Frequently Asked Questions
Dental fear is a common challenge for many patients. It can be associated with previous bad experiences at the dentist, but more often, it is a fear of the ‘unknown’ aspects of dental procedures that can sometimes cause patients to be afraid.
We know that this is a real (vs. imagined) problem for a dental patient; the body's physiological response to fear is ‘fight or flight’ – the reason fearful patients often avoid the dentist altogether. Of course, logic tells us that this is not a good plan, but fear can be a very powerful thing!
We recommend that patients who experience dental anxiety begin with a conversation with Dr. Whitaker. By sharing your fears and concerns, Dr. Whitaker can help you with a plan to get the dental care you need, in complete comfort. A big first step to alleviating your fear is getting to know your dentist and developing a trusting relationship. We can then walk you through the steps of your care at your pace, with no surprises. A comfortable patient is a happy patient!
In short, yes! Children develop their first set of teeth (deciduous teeth) beginning at 6-8 months of age through age 11-12. These primary teeth hold the space for the permanent tooth and support the jaw and facial muscles during the developmental stages of the child's growth. They also allow the child to speak and chew normally while the permanent teeth fully develop.
Permanent teeth begin to erupt around age 6, causing the baby teeth to become loose and fall out as they are replaced. Premature loss of baby teeth can lead to problems with permanent teeth, including tooth misalignment and tooth decay caused by destructive bacteria in the mouth.
It is important to take good care of baby teeth up to the time they are lost, so they can serve their important function. We recommend that parents help their children brush their teeth until they develop adequate manual dexterity to do a good job. Try making the experience special by playing a fun song or a video and having the child brush their teeth first, with you following after (“now Mommy/Daddy”). A positive outlook on dental health will help your child develop a lifetime of good habits.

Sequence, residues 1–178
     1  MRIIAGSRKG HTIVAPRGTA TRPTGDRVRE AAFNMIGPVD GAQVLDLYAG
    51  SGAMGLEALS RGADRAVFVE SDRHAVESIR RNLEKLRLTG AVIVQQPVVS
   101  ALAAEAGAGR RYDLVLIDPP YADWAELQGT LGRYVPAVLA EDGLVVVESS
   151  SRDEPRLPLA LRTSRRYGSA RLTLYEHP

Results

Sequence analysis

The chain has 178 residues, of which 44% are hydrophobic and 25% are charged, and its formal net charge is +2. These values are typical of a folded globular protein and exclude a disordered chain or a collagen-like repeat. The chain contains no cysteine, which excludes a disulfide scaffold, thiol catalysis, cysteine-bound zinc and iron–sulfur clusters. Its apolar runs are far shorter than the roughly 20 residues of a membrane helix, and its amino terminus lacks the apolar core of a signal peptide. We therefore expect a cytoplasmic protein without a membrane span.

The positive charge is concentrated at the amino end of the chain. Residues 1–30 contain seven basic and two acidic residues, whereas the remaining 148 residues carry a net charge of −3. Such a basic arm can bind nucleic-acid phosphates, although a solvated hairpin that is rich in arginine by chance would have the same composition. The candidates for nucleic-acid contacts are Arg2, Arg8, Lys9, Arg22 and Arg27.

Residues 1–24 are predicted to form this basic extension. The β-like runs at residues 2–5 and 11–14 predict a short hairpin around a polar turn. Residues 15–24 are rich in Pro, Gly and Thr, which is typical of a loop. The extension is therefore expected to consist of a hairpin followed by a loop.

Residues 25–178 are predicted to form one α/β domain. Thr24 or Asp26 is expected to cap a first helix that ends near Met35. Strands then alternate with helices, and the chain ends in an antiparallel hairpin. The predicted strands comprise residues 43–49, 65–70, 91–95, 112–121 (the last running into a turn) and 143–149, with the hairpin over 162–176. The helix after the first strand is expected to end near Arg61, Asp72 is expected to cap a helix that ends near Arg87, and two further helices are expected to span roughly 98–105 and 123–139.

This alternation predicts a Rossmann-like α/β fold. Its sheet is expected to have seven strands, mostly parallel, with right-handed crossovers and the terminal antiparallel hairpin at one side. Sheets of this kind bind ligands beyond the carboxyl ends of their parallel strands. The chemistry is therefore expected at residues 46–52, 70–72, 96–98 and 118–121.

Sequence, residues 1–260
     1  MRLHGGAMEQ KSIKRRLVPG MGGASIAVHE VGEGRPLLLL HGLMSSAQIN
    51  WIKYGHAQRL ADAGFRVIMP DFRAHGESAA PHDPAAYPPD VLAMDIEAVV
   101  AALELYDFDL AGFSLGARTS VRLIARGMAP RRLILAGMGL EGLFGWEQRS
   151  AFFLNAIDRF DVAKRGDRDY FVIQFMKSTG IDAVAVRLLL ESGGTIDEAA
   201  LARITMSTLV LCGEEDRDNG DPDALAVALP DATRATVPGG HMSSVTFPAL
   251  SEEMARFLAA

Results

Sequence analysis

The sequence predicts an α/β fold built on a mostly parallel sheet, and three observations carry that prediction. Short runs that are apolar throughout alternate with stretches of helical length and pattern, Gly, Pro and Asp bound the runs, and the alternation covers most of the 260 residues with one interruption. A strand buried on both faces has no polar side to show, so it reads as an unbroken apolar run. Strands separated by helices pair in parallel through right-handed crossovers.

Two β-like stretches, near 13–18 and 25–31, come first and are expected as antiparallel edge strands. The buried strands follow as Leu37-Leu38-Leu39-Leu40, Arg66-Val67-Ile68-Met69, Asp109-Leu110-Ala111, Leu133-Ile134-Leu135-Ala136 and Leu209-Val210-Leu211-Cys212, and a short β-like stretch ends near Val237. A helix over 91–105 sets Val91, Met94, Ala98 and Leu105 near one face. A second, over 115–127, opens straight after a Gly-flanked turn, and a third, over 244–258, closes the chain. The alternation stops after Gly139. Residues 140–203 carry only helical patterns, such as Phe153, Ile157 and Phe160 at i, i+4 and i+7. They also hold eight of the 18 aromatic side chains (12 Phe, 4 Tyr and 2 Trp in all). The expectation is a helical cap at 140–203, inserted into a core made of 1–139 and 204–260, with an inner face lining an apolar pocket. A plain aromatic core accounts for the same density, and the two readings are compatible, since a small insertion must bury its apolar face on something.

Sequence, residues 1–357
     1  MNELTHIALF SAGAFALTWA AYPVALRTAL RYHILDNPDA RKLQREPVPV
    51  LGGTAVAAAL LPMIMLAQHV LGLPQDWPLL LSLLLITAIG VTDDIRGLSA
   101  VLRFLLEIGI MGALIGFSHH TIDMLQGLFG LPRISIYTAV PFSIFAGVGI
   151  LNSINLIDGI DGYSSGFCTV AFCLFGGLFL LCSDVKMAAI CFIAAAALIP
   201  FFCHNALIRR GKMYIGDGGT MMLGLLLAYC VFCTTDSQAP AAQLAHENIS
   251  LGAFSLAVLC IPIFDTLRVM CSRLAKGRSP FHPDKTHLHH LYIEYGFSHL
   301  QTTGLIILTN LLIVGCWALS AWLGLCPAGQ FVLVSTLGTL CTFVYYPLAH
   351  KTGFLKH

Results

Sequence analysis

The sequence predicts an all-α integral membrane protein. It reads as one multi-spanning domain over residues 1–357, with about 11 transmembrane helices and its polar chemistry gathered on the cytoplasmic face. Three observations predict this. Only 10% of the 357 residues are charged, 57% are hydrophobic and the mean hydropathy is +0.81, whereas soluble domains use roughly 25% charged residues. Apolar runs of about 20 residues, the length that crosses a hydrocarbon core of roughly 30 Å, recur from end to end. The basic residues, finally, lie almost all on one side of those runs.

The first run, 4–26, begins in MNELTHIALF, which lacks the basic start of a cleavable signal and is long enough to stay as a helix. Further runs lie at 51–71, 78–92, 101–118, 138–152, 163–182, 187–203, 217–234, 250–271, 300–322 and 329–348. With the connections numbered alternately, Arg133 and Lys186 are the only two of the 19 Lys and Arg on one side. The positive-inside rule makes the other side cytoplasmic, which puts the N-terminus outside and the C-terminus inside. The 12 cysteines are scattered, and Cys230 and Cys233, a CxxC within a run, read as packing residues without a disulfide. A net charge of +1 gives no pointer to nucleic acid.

View the American Dental Association® Tooth Eruption Chart to learn more about your child's oral health.
Every tooth has 5 surfaces – front, back, top and 2 sides in-between. Only 3 of them are accessible to the human eye! Dr. Whitaker uses dental x-rays to help him see between the teeth, and, under the gum line to look for signs of decay, gum disease, infection, abscesses, cysts or tumors and to monitor orthodontic development and third molars in children and teens. The American Dental Association® recommends diagnostic x-rays periodically for children and adults to support a thorough dental health assessment.
Our office is equipped with digital dental x-rays. Using special radiographic technology, we can acquire close up pictures of the teeth and jaw bone in seconds, using less radiation than traditional film exposure. Dr. Whitaker and our dental hygienists can share these images with you on a computer screen to present their findings and recommendations for your oral health.
Visit mouthhealthy.org to learn more about dental x-rays.